10 questions you need answered before seeing True Blood Season 7
Jo Bromilow | On 04, Jul 2014
The Vampire Diaries may have made vampires trendy again, but it’s True Blood that made them cool. Based on Charlaine Harris’ acclaimed novels, the whole series is available as a Sky Box Set, which makes now the perfect time for some fanged binge-watching.
Don’t let the vampires fool you, though – Twilight would never had got past the censors if it had this much sex, drugs, rock ’n’ roll, guts and gore. So without further ado, here are 10 important questions answered about the show that just wants to do bad things with you.
So what’s the premise of True Blood?
Set mostly in Louisiana (like the on-trend True Detective), we enter a world where vampires are ‘out of the coffin’ and freely walk among humans, drinking the manufactured blood substitute Tru Blood for sustenance to stop them pulling a Suarez on their mortal neighbours. Some of the neighbours are fine with having a member of the undead in their local book club, and some aren’t. Likewise, some of the vampires are happy to live peacefully alongside humans, and some wish to rise up and rule.
The drama centres on supernaturally gifted waitress Sookie Stackhouse (Anna Paquin), whose life is changed when vampire Bill Compton (Stephen Moyer) walks into her workplace, Merlotte’s. Six seasons later, Sookie has battled terrible forces of evil and met powerful forces of good, set against a backdrop of all the craziness of small-town America – corrupt cops, overzealous church leaders, undercover drug rings and messed up families. And that’s before you even get to the vampires, whose political machinations are just as messy and would make Frank Underwood smile with approval.
We’re talking sparkly skin and can’t walk in daylight?
While the vampires we meet in the series are cut from a similar vein as the Cullen family (read: stiff stances, piercing glances), there’s considerably less glitter and considerably more fang. And if they walk in daylight they go up in flames, so there’s no need to worry about sparkly torsos. Plus, the cast of vamps (as they are called) are generally gifted with incredibly good, erm, bone structure, most notably the smouldering Eric Northman (Alexander Saasgard), who crosses paths with Sookie and Bill on multiple occasions.
Oh no, not another love triangle?
Again, we’re well out of teen territory; this show’s sexual appetite is as red-blooded as the title might suggest (possibly beating Game of Thrones in that regard, so don’t watch it with prudish companions). And aside from these three, a rich cast of supporting characters – from Sookie’s loveably dumb brother Jason (Ryan Kwanten) to her best friend Tara (Rutina Wesley), as well as a whole host of supernatural beings – add a little chaos to the small town of Bon Temps.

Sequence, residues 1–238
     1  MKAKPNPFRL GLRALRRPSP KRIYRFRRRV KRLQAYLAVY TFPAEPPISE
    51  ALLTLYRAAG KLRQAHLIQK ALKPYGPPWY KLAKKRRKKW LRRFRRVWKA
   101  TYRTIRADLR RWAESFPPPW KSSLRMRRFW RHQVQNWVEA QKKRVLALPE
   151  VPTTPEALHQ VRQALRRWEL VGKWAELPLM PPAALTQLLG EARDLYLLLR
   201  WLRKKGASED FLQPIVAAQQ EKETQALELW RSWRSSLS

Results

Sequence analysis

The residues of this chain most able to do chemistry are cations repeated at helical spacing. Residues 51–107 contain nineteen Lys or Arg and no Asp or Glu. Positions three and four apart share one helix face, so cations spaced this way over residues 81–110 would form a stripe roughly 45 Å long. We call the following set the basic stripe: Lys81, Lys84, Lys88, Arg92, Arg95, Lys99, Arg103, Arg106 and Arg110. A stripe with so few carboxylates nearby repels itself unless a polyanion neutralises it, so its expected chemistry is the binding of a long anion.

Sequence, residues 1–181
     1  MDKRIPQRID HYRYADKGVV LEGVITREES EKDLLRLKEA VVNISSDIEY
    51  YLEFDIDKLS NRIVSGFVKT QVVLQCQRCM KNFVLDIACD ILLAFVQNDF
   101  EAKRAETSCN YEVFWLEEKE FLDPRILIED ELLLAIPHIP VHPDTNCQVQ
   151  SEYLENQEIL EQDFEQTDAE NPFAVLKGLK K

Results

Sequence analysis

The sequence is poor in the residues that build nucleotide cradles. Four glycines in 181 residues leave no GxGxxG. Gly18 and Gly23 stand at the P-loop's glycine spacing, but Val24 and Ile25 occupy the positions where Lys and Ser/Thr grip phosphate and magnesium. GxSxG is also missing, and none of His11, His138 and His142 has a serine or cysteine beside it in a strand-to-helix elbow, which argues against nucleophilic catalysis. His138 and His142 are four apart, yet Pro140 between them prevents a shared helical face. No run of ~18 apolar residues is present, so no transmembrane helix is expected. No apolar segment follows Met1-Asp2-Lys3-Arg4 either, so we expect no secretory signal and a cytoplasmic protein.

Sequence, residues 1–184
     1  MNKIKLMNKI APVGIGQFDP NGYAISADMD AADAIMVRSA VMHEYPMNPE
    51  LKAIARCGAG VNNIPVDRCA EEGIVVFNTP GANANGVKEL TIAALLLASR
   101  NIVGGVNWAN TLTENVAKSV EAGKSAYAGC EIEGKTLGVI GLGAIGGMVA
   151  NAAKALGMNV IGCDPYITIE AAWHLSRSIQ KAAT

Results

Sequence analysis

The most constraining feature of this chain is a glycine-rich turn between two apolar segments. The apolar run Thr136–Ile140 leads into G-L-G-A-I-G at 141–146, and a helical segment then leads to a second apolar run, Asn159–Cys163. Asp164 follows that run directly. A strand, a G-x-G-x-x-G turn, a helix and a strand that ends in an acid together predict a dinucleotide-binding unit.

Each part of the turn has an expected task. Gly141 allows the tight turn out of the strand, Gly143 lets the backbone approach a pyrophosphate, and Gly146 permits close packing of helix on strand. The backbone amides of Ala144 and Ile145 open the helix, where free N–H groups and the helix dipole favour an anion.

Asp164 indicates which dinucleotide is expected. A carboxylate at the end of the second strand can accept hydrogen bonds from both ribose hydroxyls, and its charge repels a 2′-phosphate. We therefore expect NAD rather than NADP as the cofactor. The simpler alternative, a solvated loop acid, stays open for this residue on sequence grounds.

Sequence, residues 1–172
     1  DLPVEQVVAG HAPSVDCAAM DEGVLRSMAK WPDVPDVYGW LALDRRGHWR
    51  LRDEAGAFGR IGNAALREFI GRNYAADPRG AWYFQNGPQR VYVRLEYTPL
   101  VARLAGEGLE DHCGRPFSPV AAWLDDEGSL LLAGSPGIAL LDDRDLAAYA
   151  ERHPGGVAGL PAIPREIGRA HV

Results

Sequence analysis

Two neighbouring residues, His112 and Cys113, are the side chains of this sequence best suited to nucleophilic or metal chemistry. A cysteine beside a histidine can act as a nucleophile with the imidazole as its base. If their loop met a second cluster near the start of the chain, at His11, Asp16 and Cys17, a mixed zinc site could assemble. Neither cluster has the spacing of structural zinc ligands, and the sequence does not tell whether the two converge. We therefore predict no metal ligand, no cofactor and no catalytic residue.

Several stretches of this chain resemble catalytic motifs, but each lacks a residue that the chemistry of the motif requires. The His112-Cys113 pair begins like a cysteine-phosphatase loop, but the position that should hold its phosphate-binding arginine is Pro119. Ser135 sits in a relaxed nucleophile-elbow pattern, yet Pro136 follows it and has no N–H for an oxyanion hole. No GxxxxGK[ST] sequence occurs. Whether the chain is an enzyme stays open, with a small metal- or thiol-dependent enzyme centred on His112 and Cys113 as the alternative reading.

Wait, there are werewolves too?
Yes (notably the hunky Alcide – Magic Mike’s Joe Manganiello), but also shape-shifters, faeries and, erm, were-panthers. And as mentioned earlier, religion adds an extra dimension – from Greek mythology and bayou superstition to Wiccans and voodoo magic.
Who are the goodies and the baddies?
Rather like Game of Thrones, it’s nowhere near that black and white. We meet good vamps, bad vamps, wonderfully bad vamps – Season Three’s main villain, the deranged vampire King Russell Edgington (Denis O’Hare), is a show highlight, channeling a Southern and supernatural version of Sherlock’s Moriarty – as well as good weres, bad weres, religious zealots, shadowy organisations bent on the destruction of vampires, vengeful spirits, bitter ex-girlfriends, who just happen to like blood…
Does each season have a different villain?
Pretty much, yes. While the central cast remains the same throughout, different back stories emerge alongside the central drama – a Wiccan coven in one, an anti-vampire church in other – mixing emotional themes (such as a subplot about war trauma) alongside the appearance of witches or werewolves. Human drama, despite not all the players being human, is what keeps the show together.
So it’s got heart.
Oh, definitely. Except in the one episode where someone has theirs cut out. The parts are well written and convincingly portrayed, with a whole raft of different characters, and motives, to get your teeth into. From the devotion shown by each vampire to his or her Maker (the vampire who turned them), to Sookie’s unwavering love for her family, which turns to heartbreak as she learns truths about them, to the touching romantic relationships – such as Merlotte’s chef, Lafayette, and his boyfriend, Jesus, or single mother Arlene and her paranoid beloved, Terry (who has a pet armadillo called Felix), there is something for everyone to root for.
Has it got humour?
By the bucket load. Dark wit is one of the show’s great strengths; Lafayette and Pam get some of the finest lines ever written for television. Speaking of which, this is a show in which you’ll get to see a vampire (Russell Edgington) rip out a newsreader’s spine live on air, deliver his message of horror to the show’s viewers and then utter the line: “And now the weather! Tiffany?” The show knows not to take itself entirely too seriously, which is why when it does the moments of drama strike such a chord.
Has it got credentials?
The show was created by Alan Ball (of American Beauty and Six Feet Under) and joins HBO’s impressive pantheon of hits. It’s the broadcaster’s third most-watched show of all time (behind The Sopranos and Game of Thrones) and has won an Emmy for its ensemble cast, as well as being nominated and winning countless other awards.
Plus, as a pub quiz fact, Anna Paquin and Stephen Moyer are now married in real life, making this the Deep South-set, silver screen, toothier version of Mr & Mrs Smith. Sort of.
Ok, I’m sold. Where can I watch it?
If you don’t have Sky, you can watch True Blood Season 7 online on NOW TV. An Entertainment Pass lets costs £6.99, no contract.